His 6-foot-2, 200-pound body was built more for a linebacker than the tight-fitting shorts of 1960s college basketball.
But Warren Jabali’s legs made him the best leaper on the court. His huge hands led to full-court passes or dribbling through trouble.
He played three seasons at Wichita State, a Missouri Valley Conference first-teamer every year. Another seven standout seasons in the American Basketball Association added to his Shocker legend.
“I’ve recruited 17, 18 guys who went on to play in the NBA,” former Shocker assistant Lanny Van Eman said, “but I can’t think of any who had in his body what Warren had.”
Mr. Jabali died Friday in Miami at the age of 65.
Mr. Jabali, known as Warren Armstrong while at Wichita State, had a recent history of heart problems, said Len Trower, a close friend since college. Mr. Jabali’s wife called Trower on Friday and said Mr. Jabali had died in his sleep.
Five jerseys hang from the Koch Arena rafters, and if there were to be a sixth, it might be Mr. Jabali’s 52.
He was 6-2, yet 25-rebound games weren’t uncommon. Neither were 30-point nights. Nor 12-assist games.
“He was certainly athletically ahead of his time,” former Shocker teammate Ron Mendell said. “I think of Warren in the ’60s and he was playing above the rim long before others were.”
Mr. Jabali arrived at WSU in 1964 from Kansas City (Mo.) Central High. He was highly recruited but Wichita State — a consistently ranked team in the “Valley of Death” — beat out Big Eight, Big Ten and other MVC schools.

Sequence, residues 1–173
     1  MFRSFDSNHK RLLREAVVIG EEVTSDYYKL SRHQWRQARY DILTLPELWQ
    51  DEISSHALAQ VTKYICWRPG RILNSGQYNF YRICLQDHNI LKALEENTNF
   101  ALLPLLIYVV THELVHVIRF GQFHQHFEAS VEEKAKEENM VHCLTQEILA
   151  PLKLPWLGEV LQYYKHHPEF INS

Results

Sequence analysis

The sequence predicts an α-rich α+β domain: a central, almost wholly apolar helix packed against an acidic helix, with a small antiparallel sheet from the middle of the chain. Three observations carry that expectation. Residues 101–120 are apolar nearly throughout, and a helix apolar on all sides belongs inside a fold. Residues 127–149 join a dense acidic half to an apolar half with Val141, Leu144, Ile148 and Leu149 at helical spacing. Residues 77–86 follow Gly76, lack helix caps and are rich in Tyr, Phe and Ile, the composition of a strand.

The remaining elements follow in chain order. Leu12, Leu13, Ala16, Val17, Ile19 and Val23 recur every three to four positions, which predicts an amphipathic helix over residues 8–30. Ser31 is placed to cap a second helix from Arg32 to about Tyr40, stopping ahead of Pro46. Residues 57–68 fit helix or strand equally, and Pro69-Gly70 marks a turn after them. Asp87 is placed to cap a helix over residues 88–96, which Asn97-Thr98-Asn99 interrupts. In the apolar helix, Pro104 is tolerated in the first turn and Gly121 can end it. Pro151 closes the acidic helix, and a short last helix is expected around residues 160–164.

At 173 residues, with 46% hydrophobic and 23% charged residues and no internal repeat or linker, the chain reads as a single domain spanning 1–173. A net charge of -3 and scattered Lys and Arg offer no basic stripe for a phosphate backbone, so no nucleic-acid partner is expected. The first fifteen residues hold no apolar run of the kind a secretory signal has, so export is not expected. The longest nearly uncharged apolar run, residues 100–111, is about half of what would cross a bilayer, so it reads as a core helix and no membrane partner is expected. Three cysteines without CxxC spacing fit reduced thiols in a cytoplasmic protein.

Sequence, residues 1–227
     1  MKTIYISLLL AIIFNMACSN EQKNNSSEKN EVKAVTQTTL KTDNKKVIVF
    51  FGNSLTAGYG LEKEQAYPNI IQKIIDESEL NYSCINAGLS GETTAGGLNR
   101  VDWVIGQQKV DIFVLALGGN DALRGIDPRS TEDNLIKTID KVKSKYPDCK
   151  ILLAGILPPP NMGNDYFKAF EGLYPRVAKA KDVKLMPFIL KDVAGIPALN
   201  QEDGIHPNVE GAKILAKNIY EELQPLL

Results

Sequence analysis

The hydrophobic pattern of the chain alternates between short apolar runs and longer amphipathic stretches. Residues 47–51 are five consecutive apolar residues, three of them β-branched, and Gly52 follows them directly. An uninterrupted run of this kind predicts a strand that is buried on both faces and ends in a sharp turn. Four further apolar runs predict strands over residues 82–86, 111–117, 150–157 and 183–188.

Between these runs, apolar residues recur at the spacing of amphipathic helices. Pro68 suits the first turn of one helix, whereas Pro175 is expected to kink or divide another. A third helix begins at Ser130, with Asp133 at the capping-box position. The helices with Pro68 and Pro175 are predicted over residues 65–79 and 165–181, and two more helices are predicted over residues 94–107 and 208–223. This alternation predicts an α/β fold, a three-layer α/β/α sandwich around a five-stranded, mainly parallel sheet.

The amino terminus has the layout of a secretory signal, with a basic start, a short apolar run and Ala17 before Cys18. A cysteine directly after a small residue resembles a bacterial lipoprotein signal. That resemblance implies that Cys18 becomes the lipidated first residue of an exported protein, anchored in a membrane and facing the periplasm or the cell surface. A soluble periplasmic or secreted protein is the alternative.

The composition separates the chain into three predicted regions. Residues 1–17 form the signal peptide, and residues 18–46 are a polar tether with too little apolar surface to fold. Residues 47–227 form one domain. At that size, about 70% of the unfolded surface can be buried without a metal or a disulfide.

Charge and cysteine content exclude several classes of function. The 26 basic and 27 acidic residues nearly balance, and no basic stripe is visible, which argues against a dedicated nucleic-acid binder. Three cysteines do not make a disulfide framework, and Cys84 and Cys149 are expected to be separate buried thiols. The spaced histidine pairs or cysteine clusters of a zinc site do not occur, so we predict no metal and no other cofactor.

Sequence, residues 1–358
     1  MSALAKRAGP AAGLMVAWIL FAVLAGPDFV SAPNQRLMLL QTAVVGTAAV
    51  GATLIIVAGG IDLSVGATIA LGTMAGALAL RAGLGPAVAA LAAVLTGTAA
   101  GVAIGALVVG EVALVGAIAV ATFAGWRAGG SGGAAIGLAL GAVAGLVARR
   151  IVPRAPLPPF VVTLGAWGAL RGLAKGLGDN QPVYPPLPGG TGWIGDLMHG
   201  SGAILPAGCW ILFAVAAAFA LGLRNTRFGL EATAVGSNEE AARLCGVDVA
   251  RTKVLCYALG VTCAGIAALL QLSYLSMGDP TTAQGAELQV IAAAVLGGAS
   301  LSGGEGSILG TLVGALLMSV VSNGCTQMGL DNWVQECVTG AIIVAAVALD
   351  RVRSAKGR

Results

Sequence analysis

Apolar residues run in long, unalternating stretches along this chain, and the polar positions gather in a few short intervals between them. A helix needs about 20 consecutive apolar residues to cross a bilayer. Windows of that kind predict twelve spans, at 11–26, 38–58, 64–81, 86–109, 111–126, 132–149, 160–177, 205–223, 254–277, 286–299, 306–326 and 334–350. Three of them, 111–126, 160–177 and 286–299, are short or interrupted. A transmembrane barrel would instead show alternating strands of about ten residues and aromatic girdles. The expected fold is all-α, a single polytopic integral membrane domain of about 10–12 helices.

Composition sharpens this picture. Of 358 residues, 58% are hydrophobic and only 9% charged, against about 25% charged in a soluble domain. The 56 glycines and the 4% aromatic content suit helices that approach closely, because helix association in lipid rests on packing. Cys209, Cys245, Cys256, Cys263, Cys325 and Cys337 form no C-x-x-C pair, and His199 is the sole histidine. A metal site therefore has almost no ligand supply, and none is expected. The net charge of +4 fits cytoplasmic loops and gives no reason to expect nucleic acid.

Freshmen were ineligible for varsity then, but when WSU raced to the Final Four in 1965, Mr. Jabali averaged 29.1 points on the freshman squad.
He quickly became a sophomore star. He averaged 16.5 points and 11.9 rebounds as the Shockers went 17-10. A year later, he averaged 14.9 points and 8.6 boards.
The Shockers were 12-14 in Mr. Jabali’s final season, but he averaged 18.6 points and 11.6 rebounds after missing early practices with a broken foot.
He left WSU as the school’s career assists leader and was No. 2 in rebounds and No. 4 in scoring.
“If he got the rebound, I would make sure I hit the sideline and look back for the ball like an NFL receiver,” former teammate Melvin Reed said. “Because if he got his hands on the ball, we had that fastbreak going.”
The late 1960s were turbulent times on college campuses, especially for black men. Mr. Jabali was outspoken about racial issues. Trower was one of the campus’ most outspoken critics of racial inequality.
“Jabali jokingly, but seriously, blamed me for changing his attitude about the whole culture in this country regarding white America and black America,” said Trower, who now lives in Philadelphia.
Mr. Jabali was an ABA star from the start. He was Rookie of the Year in 1969 and a four-time All-Star, earning All-Star Game MVP honors in 1973. He averaged 17.1 points for his career, including more than 21 his first two seasons.
But Mr. Jabali was also known for an incident in which he intentionally stomped on an opposing player after knocking him to the ground. It strengthened his reputation and as one of the league’s toughest players.
Mr. Jabali lived in Miami after basketball, teaching elementary school and working as a youth counselor. He was elected to the Shocker Sports Hall of Fame in 1985. The Central High court that Van Eman watched him break a backboard on with a thunderous dunk almost 50 years ago was named in his honor in 2008.
“He was never a prospect,” Van Eman said. “He was an absolute player.”